Late at night and on weekends, the MTA stores a significant number of subway trains underground. Some of these trains are parked in dedicated underground subway yards, while others are stored on express tracks and tracks that were originally built as part of subway routes that were never completed. As a follow-up to our previous article on where New York City’s wheels and hooves go at night, here are seven below-ground overnight homes for the city’s subway cars.

7. 137th Street Yard


When you take the 1 train between 137th street and 145th street, the train passes right down the middle of one of the only subway yards specifically built underground with train storage in mind. The 137th Street Yard consists of 5 storage tracks located on either side of active subway tracks. Ten #1 trains can be parked on these tracks, and the tracks are usually full at night.

6. 174th Street Yard


The 174th Street Subway Yard, located under Washington Heights, is where some C trains go to sleep at night. The yard has 5 tracks, though one of them is too short to actually be useful. At least two of the tracks through this tunnel were originally intended to connect to the George Washington Bridge, where a subway route would continue into New Jersey.

5. Church Avenue


The Church Avenue yard is where you can find some G trains lounging around after hours. Located just south of the Church Avenue G and F station, it contains 4 tracks. One of these tracks is usually kept clear so G trains can pull into the yard from the Coney Island bound tracks, go over some switches, and return to the Court Square bound track. It is an extremely dark space, with some graffiti written in Russian at the end.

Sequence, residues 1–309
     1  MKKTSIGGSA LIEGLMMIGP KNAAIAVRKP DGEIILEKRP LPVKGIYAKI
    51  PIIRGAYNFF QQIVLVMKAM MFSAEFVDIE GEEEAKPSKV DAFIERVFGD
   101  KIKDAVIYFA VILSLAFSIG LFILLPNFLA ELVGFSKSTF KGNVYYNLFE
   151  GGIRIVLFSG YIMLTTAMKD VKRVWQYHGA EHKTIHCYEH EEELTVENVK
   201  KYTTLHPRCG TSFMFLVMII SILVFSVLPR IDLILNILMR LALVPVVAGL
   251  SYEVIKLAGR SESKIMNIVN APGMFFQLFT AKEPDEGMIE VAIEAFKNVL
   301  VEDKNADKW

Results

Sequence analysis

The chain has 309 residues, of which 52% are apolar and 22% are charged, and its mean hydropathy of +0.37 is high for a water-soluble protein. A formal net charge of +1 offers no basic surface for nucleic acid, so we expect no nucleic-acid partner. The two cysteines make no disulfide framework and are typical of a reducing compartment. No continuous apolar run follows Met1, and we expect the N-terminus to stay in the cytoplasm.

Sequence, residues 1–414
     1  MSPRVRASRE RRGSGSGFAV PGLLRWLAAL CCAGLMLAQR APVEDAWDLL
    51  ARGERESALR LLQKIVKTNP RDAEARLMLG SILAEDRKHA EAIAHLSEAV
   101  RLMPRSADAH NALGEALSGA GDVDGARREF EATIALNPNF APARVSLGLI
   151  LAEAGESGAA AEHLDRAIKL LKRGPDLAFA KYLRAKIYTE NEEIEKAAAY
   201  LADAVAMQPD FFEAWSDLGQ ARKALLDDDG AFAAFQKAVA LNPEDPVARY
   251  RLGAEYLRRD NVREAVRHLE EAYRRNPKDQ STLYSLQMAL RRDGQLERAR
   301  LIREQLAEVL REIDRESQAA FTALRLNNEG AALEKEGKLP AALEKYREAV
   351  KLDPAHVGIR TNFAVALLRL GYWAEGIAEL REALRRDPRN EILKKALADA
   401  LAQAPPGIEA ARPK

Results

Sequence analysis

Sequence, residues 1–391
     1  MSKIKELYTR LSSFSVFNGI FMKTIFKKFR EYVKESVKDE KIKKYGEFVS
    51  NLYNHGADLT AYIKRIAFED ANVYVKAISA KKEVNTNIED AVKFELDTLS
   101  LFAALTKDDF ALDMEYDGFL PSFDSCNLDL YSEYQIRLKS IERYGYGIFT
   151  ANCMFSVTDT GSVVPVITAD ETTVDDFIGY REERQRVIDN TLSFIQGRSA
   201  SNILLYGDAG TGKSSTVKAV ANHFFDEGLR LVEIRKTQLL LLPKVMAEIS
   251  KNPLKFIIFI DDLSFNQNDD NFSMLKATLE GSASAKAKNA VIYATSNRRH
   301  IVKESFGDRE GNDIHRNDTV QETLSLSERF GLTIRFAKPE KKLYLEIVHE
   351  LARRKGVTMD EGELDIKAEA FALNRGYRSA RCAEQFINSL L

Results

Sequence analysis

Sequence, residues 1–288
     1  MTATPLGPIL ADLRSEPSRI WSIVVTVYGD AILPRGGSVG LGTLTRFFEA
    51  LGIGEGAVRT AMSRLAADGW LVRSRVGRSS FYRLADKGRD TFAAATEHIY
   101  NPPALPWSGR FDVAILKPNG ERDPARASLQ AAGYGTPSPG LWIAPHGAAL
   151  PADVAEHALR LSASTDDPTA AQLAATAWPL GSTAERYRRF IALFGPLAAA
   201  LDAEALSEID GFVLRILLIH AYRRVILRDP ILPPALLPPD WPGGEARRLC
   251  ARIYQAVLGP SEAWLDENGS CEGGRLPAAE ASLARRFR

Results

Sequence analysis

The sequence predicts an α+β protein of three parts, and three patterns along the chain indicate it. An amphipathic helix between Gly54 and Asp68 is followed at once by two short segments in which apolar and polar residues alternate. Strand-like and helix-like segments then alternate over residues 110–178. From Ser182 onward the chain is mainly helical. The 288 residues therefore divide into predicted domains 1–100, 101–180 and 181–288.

4. The Fourth Avenue Express Tracks


Sometimes stretches of express track are re-purposed for subway train storage. A portion of the express tracks under 4th Avenue in Brooklyn is regularly used overnight for parking R trains. During extreme weather events, the practice of storing trains on underground express tracks extends across the subway system.

3. Jamaica Yard Approaches


Under Queens Boulevard in Forest Hills, there is a section of bi-level tunnel, with subways in passenger service riding above a hidden tunnel below that both leads into the outdoor Jamaica subway yard, as well as providing storage space for several subway trains underground.

2. The Grant Layup


The ‘Grant Layup’ is a set of tracks under the Grant avenue subway station in Southeast Queens. The maze of tracks down here is better known to tunnelophiles as the provisional space built for a subway line out to Cross Bay Blvd that was never built. You might be familiar with this tunnel as the place containing supposed evidence of the mysterious 76th street station is located.

1. City Hall Lower Level


When most people think of abandoned stations at City Hall, they think of the ornate abandoned station located along the 6 line. However, there is another abandoned City Hall platform – this one located under the active N/R line station of the same name. During construction of the present day N/R/Q tunnel, the original plan was to have express trains serve lower Manhattan, using this station. When those tracks were diverted to the Manhattan Bridge, this part of the station became redundant. It quickly found re-use as a space to park trains overnight.

Next, read about 20 abandoned subway stations in NYC and the city’s abandoned platforms. Joseph Anastasio runs the urban exploration site, LTVSquad. he can be followed on Instagram & Twitter

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